Although I’m well on pace to do it in 2012, I generally agree that taking in 130+ pounds of refined sugar each year with absolutely zero nutritional value is a risky dietary investment. It seems that some kind of penance shall be paid in anyone and everyone who gets a fourth of their caloric needs from something that contains no nutrients for decades. Overall, Lustig is fighting the good fight, and his intentions are good. But there is a lot more to health, particularly on an individual basis, than just avoiding one dietary substance. I found that trying to eliminate sugar from my diet for about a 10-year period in my 20′s actually made me a sugar addict, due to complex psychological and biochemical changes that take place when you try to restrict something that you are craving (increased dopamine receptors, increased binge-proneness, increased fixation on restricted item, etc.). Correction: sugar is not very addictive. Highly palatable foods can be in that context, and sugar, in the right form and amount, can play a part in that (if you want to demonstrate that sugar is not addictive, try drinking an 8-ounce glass of maple syrup with each meal and tell me how much you are Jonesin’ for maple syrup after a month, or even a day, of doing that).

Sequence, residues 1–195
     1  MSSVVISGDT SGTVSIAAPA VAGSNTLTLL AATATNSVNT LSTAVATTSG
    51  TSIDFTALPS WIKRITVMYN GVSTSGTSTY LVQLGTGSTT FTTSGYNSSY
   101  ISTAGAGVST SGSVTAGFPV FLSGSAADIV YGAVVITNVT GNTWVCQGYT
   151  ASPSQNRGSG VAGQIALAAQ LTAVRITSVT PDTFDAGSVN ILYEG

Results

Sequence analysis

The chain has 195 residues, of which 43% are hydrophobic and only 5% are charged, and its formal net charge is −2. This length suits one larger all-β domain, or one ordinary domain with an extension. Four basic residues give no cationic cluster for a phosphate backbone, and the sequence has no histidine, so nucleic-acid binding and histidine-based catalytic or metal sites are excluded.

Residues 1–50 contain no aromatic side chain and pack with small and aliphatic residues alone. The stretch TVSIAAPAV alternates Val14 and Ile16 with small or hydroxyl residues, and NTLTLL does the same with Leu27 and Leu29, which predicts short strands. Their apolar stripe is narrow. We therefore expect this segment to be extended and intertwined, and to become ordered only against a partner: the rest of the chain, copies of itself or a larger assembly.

My road to recovery first began with adding starch to my diet. That helped a lot. I eventually stagnated and only until I introduced tremendous amounts of simple sugars did everything really start coming back. Sex drive, ability to exercise and lift weights, skin is clear, and especially: my sanity is back! I now have anywhere from 500-800g of carbohydrates every day. ~Corey; 12 Paleo Myths